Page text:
When a child starts kindergarten there is some nervousness about all the unknowns. “What happens if you spill your milk?  Are there mean people at school? How will I get lunch? What if I get lost?” In “Kindergarten Rocks!” by Katie Davis, Dexter’s sister, Jessie, who is really old now (in 3rd grade), reassures her brother Dexter that everything will be ok. Dexter takes along his stuffed dog, Rufus, for comfort and finds out that school is fun! The author describes kindergarten activities including art time, play, dress-up, listening to books, the play-dough table, and writing. The book’s illustrations are rendered in crayon, which adds a child-like quality to the story.

When your family is expecting a new baby, your child will have lots of questions. “What Is He Doing Now?” by Patti Farmer and Janet Wilson nicely describes events during a pregnancy from the point of view of a little boy waiting to meet his brother or sister.  Illustrations are realistic but loosely done in watercolor and colored pencil. The boy wonders: Is the new baby growing in mommy’s tummy? How is the baby breathing in there? How does he eat? What will he do when he is born? This book gives plenty of opportunity to talk about how your child feels about a new sibling.

For the very young child, “Little Chicken’s Big Day” by Katie Davis and Jerry Davis is a simple book about what it’s like to be little. “I hear you cluckin’ big chicken,” says the little chick. But just like any two-year old, this little guy is easily distracted wanders off to chase a butterfly. Now where did big chicken go? Little chick can’t find his mama at first, but there is a happy ending. Illustrations of the mother and child chickens are bold yellow images outlined in black.

TodaySilly1

“Today I Feel Silly and Other Moods that Make My Day,” by Jamie Lee Curtis, with pictures by Laura Cornell illustrates how many emotions a child can experience, including silly, grumpy, angry, joyful, quiet, confused, cranky, and lonely. Children will see that all of these emotions and the different shades of feelings are ones they may experience at times and are normal. This is a playful book with rhyming text and whimsical illustrations.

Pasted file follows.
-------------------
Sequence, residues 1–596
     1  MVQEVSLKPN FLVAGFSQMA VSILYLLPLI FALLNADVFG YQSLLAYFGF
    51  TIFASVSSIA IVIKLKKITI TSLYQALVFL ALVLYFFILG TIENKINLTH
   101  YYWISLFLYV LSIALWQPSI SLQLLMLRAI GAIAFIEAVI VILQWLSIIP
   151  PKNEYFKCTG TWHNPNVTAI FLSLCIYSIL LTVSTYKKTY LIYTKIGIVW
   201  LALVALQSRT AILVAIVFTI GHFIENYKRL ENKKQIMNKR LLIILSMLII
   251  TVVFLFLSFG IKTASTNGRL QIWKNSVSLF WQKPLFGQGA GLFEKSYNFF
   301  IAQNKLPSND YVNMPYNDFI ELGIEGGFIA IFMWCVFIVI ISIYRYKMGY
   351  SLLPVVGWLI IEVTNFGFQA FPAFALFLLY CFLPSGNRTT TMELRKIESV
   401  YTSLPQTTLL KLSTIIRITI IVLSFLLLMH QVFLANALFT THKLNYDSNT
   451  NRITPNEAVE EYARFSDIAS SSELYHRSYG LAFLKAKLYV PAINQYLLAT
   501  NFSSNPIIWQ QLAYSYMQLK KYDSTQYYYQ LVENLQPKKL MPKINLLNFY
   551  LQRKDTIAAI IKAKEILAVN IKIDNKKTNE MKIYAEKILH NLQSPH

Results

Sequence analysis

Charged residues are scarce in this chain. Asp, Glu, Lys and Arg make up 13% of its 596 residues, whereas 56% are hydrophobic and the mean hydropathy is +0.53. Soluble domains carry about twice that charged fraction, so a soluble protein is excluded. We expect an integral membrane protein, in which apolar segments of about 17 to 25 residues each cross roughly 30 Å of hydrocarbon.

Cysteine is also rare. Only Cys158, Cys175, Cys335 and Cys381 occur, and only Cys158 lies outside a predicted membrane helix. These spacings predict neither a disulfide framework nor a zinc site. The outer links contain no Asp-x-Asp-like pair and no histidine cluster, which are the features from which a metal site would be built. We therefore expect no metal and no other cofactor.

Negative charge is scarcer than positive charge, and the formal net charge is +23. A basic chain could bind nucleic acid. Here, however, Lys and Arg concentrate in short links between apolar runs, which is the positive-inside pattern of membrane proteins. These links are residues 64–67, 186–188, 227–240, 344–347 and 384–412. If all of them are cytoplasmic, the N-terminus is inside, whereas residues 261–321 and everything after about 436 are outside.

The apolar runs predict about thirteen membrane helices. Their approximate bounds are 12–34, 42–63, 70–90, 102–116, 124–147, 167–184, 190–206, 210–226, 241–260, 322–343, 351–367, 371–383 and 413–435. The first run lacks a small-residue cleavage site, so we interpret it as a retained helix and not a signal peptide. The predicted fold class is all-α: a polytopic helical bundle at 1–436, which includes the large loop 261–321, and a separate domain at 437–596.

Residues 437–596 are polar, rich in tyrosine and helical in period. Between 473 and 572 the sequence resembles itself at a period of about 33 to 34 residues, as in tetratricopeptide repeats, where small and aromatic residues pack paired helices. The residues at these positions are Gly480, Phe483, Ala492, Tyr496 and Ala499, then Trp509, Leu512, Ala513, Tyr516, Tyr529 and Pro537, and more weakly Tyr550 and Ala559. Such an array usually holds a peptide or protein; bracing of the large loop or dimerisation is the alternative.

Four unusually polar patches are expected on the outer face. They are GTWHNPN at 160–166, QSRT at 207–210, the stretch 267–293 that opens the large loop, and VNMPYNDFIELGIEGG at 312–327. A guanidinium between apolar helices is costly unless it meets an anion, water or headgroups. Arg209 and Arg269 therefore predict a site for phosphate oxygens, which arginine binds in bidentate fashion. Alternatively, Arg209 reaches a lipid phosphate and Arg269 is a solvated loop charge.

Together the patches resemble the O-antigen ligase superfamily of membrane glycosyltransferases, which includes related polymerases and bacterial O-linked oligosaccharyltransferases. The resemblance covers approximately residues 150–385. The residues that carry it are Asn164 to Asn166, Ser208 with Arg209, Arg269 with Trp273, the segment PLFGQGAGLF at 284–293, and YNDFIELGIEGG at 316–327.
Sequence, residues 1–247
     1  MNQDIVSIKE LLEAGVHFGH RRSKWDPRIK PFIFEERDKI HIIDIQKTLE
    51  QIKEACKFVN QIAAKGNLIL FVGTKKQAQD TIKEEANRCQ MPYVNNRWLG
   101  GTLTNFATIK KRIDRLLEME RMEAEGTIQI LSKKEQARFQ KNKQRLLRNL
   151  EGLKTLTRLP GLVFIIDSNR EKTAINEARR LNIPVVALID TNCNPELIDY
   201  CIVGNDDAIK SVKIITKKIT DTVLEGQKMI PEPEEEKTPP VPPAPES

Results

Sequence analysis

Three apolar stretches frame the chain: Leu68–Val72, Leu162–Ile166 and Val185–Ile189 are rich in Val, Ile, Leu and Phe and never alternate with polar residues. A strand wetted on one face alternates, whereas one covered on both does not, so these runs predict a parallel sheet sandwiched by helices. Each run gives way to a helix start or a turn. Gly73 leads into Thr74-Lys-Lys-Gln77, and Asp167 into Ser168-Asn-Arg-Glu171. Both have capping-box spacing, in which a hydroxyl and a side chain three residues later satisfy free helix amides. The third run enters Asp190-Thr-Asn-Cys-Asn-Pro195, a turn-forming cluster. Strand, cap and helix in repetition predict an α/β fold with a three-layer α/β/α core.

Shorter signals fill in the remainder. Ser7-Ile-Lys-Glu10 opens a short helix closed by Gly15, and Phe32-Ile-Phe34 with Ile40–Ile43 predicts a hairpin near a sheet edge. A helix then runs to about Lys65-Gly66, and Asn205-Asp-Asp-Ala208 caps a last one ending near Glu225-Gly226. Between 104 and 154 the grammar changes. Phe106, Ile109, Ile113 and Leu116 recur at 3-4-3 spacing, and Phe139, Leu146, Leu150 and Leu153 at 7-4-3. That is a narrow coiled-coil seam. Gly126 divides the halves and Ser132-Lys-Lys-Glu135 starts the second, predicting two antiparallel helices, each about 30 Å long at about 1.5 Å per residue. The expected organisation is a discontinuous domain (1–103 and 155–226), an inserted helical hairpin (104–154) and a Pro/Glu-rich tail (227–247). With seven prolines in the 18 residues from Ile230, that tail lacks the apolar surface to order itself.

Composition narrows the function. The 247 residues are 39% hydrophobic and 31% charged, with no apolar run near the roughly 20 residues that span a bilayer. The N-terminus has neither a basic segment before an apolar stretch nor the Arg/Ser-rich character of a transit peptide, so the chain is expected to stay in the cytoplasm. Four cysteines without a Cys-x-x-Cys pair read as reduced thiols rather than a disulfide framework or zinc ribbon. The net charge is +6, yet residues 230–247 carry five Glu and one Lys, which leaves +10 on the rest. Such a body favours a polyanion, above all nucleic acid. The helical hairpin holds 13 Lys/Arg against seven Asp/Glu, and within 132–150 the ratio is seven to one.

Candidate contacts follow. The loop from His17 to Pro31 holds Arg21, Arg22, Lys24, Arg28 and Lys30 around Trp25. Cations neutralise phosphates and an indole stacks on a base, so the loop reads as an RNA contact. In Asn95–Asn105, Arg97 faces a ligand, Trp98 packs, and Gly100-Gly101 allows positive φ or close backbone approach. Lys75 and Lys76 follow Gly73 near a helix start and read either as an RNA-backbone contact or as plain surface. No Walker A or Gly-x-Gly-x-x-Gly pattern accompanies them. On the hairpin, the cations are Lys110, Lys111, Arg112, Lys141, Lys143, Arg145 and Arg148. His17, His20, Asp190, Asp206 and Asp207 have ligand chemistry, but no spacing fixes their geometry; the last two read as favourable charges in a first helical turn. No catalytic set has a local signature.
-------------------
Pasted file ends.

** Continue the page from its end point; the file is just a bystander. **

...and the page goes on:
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August 15, 2013 · 2:51 pm

It’s a “Goodbye” and “Hello” Time of Year

It’s a “goodbye” and “hello” time of year. Children are starting school, beginning music lessons or sports practice, finding new playdates, and attending new after-school programs. There can be a little anxiety for children in all of this coming and going. And, when you know your child has “butterflies,” it can make you as a parent have your own anxiety.

You can make goodbyes easier if you have a consistent routine. Leave enough time so you don’t have to rush. When saying goodbye, give a firm, loving hug and then leave, without hesitation. Be calm and show your child that you are confident that he or she will be fine. Experts say that making it clear to your child that you are leaving is much better than sneaking away. Your child needs to see that you are leaving, and be reassured that you will be coming back.

When you see your child after you’ve been apart, be on time. Give another hug hello and follow through on any promises you made about what you will be doing together. When your child knows the “goodbye” and “hello” routine, and knows that he or she can count on you to come back, it will be easier to be apart.